In fact, revealing just how far their stock has fallen, the very word ‘union’ has become stigmatised in political discourse and even in much of the popular press. The Nation’s usually mild-tempered journalist Macharia Gaitho, for example, referred to Wilfred Sossion, the leader of the Kenya National Union of Teachers (KNUT), as “the new face of labour militancy” in an opinion piece, despite the fact that there was nothing particularly ‘militant’ about the way the union demanded the government honour its contractual obligations.
Both inside and outside government circles, criticism of the teachers’ strike has tended to have been articulated in the language of business, expressing the widespread notion that the market is the antidote to poor governance and all social ills. According to this line of thinking, problems are rarely systemic, but rather the result of pesky inefficiencies that can be fixed with better data, the right technology, and smarter corporate methods.
Despite its unpopularity in many areas, in Kenya, ‘corporate-speak’ is mainstream, certainly in government. A deep faith in corporate-style governance was inaugurated by former president Mwai Kibaki – himself an economist and one of the most successful businessmen in Kenya – and under current president Uhuru Kenyatta, this philosophy has only deepened. In fact, in Kenyatta’s cabinet, the most prized qualification for appointment seems to have been corporate experience, exemplified by the appointment of Adan Mohamed, a Harvard graduate and former Barclays managing director, to the position of Cabinet Secretary for Industrialisation and Enterprise Development.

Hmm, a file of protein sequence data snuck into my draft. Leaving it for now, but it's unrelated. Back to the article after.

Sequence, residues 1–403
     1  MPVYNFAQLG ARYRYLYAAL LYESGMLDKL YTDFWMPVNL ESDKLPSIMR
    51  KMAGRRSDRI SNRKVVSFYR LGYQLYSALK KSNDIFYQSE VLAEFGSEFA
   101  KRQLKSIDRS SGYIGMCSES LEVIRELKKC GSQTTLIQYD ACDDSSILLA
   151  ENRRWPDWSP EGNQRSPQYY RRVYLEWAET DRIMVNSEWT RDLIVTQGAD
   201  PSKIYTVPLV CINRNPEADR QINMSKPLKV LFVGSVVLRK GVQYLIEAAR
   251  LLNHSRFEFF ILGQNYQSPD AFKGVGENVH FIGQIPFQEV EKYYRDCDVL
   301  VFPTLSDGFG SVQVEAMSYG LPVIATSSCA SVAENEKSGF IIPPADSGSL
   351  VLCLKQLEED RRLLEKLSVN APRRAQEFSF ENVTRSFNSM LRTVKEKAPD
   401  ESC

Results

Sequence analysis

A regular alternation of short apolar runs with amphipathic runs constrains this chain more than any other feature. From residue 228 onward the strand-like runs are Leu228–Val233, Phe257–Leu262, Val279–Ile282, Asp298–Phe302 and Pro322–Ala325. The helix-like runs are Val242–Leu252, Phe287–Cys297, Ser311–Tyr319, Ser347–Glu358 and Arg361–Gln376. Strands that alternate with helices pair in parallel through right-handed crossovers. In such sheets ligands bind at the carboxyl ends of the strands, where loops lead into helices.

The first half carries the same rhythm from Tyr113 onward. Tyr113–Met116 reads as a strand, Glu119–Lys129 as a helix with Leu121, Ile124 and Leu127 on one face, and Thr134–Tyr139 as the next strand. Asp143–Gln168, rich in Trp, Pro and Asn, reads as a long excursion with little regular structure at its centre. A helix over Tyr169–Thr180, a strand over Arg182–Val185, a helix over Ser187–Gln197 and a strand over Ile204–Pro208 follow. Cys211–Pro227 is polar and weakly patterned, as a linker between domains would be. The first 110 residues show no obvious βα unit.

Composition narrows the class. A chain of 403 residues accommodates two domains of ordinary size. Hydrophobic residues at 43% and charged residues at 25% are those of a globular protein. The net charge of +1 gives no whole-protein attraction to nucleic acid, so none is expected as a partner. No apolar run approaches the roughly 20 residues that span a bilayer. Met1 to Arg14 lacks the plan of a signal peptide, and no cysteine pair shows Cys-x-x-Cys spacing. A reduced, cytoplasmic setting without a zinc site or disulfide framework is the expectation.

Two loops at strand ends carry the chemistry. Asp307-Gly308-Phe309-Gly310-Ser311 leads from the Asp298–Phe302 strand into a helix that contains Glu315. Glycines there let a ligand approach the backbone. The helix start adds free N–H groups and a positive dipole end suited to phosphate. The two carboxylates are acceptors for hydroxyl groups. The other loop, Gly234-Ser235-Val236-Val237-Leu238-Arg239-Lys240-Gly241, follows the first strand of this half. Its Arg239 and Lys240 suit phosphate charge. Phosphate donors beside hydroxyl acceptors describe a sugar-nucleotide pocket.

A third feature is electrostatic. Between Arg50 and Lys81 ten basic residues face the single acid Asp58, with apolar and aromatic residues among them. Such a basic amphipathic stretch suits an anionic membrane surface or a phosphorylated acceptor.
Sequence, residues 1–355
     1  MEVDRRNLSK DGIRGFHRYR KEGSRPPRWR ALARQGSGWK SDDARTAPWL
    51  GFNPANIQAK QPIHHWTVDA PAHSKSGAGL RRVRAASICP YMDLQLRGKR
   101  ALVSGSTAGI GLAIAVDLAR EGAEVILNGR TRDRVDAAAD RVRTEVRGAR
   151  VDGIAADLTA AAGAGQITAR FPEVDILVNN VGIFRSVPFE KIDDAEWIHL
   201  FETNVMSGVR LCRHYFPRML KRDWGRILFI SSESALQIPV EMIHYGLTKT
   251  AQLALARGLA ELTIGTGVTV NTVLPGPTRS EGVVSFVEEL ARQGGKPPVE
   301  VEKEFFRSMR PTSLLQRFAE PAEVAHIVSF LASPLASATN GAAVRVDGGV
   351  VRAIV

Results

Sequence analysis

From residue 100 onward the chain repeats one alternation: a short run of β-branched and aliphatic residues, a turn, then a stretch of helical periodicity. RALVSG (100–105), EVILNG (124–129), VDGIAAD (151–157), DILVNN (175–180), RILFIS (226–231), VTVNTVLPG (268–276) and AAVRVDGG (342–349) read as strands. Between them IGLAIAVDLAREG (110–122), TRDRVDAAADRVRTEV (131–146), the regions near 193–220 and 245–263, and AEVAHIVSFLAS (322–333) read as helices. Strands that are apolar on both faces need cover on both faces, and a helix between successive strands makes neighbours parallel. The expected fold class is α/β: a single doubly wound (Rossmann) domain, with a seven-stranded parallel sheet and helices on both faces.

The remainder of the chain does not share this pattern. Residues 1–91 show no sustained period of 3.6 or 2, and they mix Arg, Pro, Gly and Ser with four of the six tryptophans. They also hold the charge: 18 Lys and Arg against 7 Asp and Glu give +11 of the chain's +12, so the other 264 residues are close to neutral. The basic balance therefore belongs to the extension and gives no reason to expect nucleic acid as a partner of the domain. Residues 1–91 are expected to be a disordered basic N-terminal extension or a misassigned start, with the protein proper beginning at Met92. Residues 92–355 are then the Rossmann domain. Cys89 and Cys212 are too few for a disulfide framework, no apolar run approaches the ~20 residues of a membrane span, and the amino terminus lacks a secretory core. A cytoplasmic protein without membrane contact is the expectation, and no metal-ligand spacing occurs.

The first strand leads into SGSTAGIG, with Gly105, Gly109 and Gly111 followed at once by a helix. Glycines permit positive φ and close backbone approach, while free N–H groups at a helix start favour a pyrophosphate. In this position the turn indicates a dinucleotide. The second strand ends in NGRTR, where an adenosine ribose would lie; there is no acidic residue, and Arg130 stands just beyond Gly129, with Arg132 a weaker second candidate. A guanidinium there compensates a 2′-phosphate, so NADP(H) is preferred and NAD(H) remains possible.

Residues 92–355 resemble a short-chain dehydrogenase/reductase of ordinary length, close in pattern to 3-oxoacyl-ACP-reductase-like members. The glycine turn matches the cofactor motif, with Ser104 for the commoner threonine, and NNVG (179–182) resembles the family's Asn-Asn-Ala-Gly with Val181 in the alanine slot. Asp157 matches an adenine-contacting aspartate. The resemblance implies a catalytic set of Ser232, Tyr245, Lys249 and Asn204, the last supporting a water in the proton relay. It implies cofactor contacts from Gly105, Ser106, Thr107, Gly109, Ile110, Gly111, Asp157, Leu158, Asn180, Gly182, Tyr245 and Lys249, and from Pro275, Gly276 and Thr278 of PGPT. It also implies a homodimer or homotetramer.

The assumption amongst many senior government officials then is that the market is a panacea for all troubles, and that unions are a mortal enemy in this project in that they aim to distort the market and reward inefficiency. But this market-led mindset falls down when not all government services are responsive to the rigours of business, and is particularly dangerous in a troubled economy with a limited social safety net. This makes the decline of unions all the more worrying.
Who represents workers?
The terminal weakening of workers’ unions removes a crucial bulwark against the state’s authoritarianism and workplace discrimination. Kenya generally prides itself on a vibrant media, active civil society, growing middle class and its new constitution. Yet the media in the last election failed to ask some critical questions, and if such spaces for alternative voices continue to shrink, the government and corporations will have ever more limited incentives to listen to the vulnerable and marginalised.
If the teachers’ union, one of the strongest and one whose workforce provides such a critical service, could be forced into submission so easily, it follows that smaller unions such as the health workers union could be dismissed with even less protest.
In an era when multi-national corporations with dubious labour records flock to Kenya, the need for vibrant and effective workers’ unions has never been more crucial.